Cebu Citizens-Press Council

Being accountable comes with being free

Crisis coverage rules, journalist protection sought

February 26th, 2011 · No Comments

Police, media to work on MOU
By Cherry Ann T. Lim
Sun.Star Cebu, February 26, 2011

POLICE officials and the media will work together to craft guidelines on media coverage during crisis situations and the protection of journalists from sexual harassment.

This comes after police officials led by Regional Investigation and Detective Management Branch Chief Patrocinio Comendador and Regional Police Community Relations (PCR) Division Chief and Public Information Officer Mariano Natuel discussed with media practitioners a draft memorandum of understanding (MOU) between the two parties that would restrict certain aspects of coverage when a crisis, such as a hostage-taking incident, is in progress.

The dialogue was held yesterday during the 22nd quarterly meeting of the Cebu Citizens-Press Council (CCPC) en banc at the MBF Cebu Press Center in Lahug.

Natuel said the police was open to comments on the document drafted by the Philippine National Police (PNP).

Comendador acknowledged, for instance, that while the draft agreement talked about the responsibilities of journalists, it did not tackle the responsibilities of the police.

During the meeting attended by editors-in-chief, news editors, news directors, and members of the Cebu Media Legal Aid, among others, CCPC executive director Pachico Seares suggested the formation of a small group composed of representatives from the police and the media to polish the guidelines, which do not have to be signed by the parties.

Each party could follow the guidelines voluntarily as part of its self-regulation efforts.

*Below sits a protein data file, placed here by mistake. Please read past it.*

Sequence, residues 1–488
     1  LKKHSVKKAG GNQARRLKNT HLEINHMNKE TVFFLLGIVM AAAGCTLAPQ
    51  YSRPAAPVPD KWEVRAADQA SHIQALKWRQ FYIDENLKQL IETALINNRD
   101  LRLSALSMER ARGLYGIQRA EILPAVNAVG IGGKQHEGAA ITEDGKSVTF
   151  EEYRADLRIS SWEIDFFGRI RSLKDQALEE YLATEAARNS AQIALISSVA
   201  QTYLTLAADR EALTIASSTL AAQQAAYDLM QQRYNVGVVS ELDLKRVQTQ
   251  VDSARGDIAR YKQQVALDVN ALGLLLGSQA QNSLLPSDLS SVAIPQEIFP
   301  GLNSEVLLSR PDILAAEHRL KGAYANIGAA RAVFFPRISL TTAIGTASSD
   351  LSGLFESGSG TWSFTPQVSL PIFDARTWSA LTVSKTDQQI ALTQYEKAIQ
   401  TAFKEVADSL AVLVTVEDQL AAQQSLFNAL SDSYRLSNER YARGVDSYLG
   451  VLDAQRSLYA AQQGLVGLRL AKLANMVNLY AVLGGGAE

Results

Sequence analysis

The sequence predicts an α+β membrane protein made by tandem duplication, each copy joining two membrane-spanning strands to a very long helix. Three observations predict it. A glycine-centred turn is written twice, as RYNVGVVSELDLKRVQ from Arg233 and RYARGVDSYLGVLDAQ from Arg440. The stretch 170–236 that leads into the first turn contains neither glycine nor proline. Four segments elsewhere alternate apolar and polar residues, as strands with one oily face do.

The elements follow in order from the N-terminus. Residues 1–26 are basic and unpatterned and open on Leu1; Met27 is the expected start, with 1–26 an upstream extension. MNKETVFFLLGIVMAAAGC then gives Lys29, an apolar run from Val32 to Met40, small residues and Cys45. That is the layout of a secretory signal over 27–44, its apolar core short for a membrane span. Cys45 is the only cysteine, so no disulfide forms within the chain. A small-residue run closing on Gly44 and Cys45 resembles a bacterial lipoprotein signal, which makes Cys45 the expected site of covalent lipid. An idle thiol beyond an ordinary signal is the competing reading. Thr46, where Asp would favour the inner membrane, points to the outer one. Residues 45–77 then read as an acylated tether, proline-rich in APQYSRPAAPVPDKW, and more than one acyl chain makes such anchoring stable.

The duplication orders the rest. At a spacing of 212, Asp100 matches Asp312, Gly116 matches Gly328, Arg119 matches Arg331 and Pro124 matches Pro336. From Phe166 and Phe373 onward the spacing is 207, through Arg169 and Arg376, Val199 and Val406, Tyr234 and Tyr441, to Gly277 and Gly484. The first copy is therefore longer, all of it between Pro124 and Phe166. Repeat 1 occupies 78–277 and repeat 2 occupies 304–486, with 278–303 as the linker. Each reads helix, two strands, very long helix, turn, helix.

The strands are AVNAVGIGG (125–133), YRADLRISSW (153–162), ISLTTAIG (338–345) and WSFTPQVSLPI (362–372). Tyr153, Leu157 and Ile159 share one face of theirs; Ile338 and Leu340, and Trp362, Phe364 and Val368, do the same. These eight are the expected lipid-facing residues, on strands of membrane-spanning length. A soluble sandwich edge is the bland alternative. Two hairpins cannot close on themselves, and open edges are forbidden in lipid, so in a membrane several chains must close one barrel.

Restrictions

Kapisanan ng mga Brodkaster ng Pilipinas-Cebu officials Ruphil Bańoc and Leo Lastimosa said existing restrictions in the Broadcast Code could be considered in the discussions by the small group.

In 2009, the CCPC produced a brochure on safety tips for journalists covering natural disasters, public health emergencies and civil disorders, among others.

Natuel said he would show the brochure to the PNP and possibly incorporate some of its elements in the final guidelines.

Also discussed at the meeting was the need to protect journalists from sexual harassment.

Last week, a newspaper correspondent filed an administrative complaint against a local police chief for allegedly putting a hand on her breast and attempting to kiss her.

Law

Lawyer Jonathan Capanas, CCPC secretary, said Republic Act 7877 or the Anti-Sexual Harassment Act of 1995 may not protect journalists from harassment by news sources, as the law deals only with harassment by those with authority or moral ascendancy over others, such as employers over employees, or teachers over students.

While there are regulatory bodies like the Civil Service Commission that could punish policemen for certain offenses, Capanas said there is nothing about sexual harassment in the code of conduct governing the civil service.

Natuel suggested that the matter of protecting journalists from sexual harassment be taken up as well by the small group to be formed by the CCPC.

Deputy Provincial Director for Operations Teofilo Siclot, Mandaue City Police Office (MCPO) Director Noel Gillamac, Lapu-Lapu City Police Office Director Anthony Obenza, Supt. Arnel Banzon of the Cebu City Police Office PCR and the MCPO’s Carlos Gocotano also attended the dialogue.

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